Burning Brazil

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Burning Brazil

Ethan Ramchandani, Editor

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The crisis of the Amazon rainforest has now taken to the worldwide scene as its dirty laundry burns on Brazil’s line. Social media activists have expressed their concern on the situation with #SavetheAmazon. With the whole world on notice, surely there must be a reasonable explanation for the fires, or at least we hope so.

As the fire in the Amazon blazes on, only recently has there been sufficient media uproar and concern over the cause of the flame. A host of people are convinced that burnings are a natural part of the forest’s lifecycle. However, considering the lack of notable drought and lightning storms, it seems highly unlikely that the fire’s cause was indeed natural. In the event that this forest fire was natural, there is no way that it would grow to such a massive proportion. Unfortunately, the more likely and widely accepted cause of the fire is much worse.

The Amazon is roughly four times the size of Alaska and is worth a fortune to many industries that benefit from the plethora of natural resources that the Amazon holds. In January, Brazil elected the current president Bolsonaro. Since his time in office, the Amazon has lost a great deal of land already. Bolsanaro’s administration has heavily encouraged the expansion of industry, which requires land. For this reason, people believe that the fires in the Amazon have been set intentionally to clear the forest growth. Previously, parts of the forest were cleared out for the raising of cows and other livestock. Now, mining, timber, and developmental firms have their eyes set on the Amazon. 2019 has been a rather unfortunate year for the Amazon as it has already lost significantly more forest land than it had in 2018.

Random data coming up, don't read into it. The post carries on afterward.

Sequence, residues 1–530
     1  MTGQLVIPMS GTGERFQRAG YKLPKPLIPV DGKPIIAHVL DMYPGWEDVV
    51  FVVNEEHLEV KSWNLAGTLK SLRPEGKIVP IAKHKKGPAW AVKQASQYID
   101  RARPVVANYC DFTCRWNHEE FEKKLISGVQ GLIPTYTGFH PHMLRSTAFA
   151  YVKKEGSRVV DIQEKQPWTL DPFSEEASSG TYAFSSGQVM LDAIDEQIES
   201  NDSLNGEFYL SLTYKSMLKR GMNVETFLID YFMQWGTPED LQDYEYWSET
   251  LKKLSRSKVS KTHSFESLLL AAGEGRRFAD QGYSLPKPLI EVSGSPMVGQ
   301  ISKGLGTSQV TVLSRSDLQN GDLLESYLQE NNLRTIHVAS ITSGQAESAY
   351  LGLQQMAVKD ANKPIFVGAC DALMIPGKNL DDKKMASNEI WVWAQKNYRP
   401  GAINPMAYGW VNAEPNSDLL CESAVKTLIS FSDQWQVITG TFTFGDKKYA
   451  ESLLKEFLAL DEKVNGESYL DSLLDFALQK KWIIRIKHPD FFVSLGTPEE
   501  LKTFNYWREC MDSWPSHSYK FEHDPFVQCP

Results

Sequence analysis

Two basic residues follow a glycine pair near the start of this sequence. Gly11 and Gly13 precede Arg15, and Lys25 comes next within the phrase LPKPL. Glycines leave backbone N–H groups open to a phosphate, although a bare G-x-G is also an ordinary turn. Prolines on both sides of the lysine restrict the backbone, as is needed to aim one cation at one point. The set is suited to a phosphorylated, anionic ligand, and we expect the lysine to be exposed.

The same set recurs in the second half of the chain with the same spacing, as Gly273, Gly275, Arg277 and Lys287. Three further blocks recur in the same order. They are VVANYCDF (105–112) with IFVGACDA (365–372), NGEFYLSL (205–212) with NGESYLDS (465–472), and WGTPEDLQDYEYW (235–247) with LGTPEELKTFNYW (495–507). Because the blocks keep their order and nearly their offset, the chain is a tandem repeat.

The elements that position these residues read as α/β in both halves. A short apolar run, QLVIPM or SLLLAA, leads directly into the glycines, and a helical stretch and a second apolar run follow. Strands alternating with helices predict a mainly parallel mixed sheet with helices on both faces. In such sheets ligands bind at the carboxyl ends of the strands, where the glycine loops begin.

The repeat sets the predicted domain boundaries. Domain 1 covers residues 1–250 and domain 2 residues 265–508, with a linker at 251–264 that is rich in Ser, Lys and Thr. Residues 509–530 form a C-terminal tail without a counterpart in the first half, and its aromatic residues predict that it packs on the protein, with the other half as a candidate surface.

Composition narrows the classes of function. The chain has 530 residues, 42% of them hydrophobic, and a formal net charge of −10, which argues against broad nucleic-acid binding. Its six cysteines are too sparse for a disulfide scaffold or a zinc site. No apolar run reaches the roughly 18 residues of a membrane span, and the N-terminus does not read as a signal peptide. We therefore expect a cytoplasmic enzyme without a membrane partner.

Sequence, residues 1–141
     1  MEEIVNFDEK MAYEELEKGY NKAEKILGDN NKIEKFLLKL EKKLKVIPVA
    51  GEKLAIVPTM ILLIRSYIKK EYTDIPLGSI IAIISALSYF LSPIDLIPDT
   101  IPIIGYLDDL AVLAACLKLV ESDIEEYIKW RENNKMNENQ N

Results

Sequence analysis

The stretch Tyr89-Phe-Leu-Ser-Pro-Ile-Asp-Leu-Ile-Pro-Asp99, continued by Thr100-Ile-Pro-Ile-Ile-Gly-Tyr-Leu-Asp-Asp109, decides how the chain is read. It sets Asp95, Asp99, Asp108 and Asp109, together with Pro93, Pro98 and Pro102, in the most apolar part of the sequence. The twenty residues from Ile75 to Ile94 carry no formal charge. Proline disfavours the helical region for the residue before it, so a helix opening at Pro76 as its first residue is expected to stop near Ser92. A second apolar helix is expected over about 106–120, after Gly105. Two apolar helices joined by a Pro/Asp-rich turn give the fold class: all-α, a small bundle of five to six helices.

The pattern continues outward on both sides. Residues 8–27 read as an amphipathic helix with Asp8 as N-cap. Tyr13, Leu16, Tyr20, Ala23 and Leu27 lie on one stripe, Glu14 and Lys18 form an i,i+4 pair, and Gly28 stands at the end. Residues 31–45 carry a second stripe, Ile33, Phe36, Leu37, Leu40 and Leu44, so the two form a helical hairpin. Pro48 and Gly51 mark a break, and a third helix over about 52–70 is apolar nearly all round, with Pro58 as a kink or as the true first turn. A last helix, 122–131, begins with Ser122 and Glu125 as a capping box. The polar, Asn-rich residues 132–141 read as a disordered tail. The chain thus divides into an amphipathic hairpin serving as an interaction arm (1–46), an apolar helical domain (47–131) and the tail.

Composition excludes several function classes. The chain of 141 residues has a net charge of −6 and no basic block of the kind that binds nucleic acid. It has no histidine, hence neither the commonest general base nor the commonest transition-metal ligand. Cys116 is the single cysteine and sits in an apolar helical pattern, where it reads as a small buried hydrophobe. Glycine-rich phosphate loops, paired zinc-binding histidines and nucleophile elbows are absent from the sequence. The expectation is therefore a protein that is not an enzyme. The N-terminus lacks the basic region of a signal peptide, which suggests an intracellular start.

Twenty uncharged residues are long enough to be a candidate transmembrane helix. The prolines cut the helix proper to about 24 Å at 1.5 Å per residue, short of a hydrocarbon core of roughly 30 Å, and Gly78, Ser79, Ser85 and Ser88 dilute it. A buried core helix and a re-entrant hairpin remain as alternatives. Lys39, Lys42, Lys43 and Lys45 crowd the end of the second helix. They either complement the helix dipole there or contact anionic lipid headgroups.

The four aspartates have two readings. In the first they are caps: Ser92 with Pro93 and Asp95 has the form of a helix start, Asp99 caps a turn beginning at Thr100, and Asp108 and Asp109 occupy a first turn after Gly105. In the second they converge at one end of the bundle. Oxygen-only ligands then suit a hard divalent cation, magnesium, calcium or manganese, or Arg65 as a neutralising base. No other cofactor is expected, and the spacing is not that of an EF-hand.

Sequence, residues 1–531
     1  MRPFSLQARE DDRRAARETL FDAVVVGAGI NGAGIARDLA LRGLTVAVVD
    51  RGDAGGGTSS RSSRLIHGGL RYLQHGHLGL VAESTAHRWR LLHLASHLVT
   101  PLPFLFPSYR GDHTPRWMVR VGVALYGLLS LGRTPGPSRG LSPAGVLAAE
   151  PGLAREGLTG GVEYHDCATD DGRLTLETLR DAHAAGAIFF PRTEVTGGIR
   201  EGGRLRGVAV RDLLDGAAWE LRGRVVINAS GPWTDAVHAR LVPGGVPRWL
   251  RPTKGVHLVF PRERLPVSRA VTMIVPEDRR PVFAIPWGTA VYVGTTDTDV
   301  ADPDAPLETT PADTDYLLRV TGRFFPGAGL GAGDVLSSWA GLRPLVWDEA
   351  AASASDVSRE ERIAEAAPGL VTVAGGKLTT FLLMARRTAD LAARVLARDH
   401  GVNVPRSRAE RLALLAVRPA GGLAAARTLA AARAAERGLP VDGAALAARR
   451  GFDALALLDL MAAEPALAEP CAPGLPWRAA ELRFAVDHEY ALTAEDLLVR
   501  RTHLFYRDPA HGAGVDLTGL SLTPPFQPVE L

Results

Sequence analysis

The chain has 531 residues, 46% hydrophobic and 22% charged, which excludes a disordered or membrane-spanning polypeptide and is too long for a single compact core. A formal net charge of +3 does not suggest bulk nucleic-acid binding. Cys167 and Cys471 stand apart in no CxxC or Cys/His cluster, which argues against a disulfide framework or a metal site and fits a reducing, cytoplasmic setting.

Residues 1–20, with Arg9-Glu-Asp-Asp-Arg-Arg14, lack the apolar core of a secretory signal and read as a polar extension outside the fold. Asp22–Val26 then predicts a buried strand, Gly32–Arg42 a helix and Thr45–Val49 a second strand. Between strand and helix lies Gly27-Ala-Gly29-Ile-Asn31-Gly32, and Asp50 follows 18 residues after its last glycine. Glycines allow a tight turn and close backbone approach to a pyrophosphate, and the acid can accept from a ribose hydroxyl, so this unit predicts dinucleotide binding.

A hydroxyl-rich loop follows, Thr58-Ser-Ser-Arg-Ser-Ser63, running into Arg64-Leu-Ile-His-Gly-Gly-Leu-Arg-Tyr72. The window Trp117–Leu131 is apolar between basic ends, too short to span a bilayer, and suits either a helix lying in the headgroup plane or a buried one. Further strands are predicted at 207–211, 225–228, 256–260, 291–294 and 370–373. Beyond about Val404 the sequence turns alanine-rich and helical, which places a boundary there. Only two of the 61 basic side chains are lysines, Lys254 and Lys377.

The Amazon is approaching a tipping point. The lush greenery may never recover should the fire continue for any longer. Parts of the biome may permanently transform to desert/savannah regions which would not bode well for Brazil’s ecosystem. In fact, the impact would be felt worldwide as the forest contains nearly a tenth of all species on the planet. This massive loss of habitat would testify greatly to the number of eradicated species in the last 50 years. Additionally, the Amazon absorbs some 90 billion tons of carbon dioxide that would otherwise pollute our atmosphere. If released, the carbon dioxide would add 38 parts per million to the already existing 415 parts per million which is unarguably significant. Many climate scientists warn that this could be a new tipping point.

As the fire grows, so does the concern. At the most recent G7 summit, the agreed plan was to send 22 million dollars in aid to Brazil to help quell the fire. However, unsurprisingly, Brazilian president Bolsonaro reluctantly refused the money. A feud between Bolsonaro and French PM Macron escalated as they traded blows over each other’s wives and each country’s heritage sites. Also, Bolsonaro felt as though the G7 summit’s decision undermined the sovereignty of Brazil. He felt as though the way the international alliance convened to save the rainforest portrayed Brazil as a no man’s land or some colony. 

Hope has dwindled as Brazil is now dissolving most sovereign efforts to fight the fires and other countries have now become much more hesitant to send money over. Germany and Norway were among the first to suspend planned donations to the burning country and many more will follow suit. Many people fail to see the significance of what is unfolding in front of them, and much like the technological boom of the last 40 years, our Earth is experiencing changes of the same magnitude. With any luck, the consequences won’t be as disastrous.

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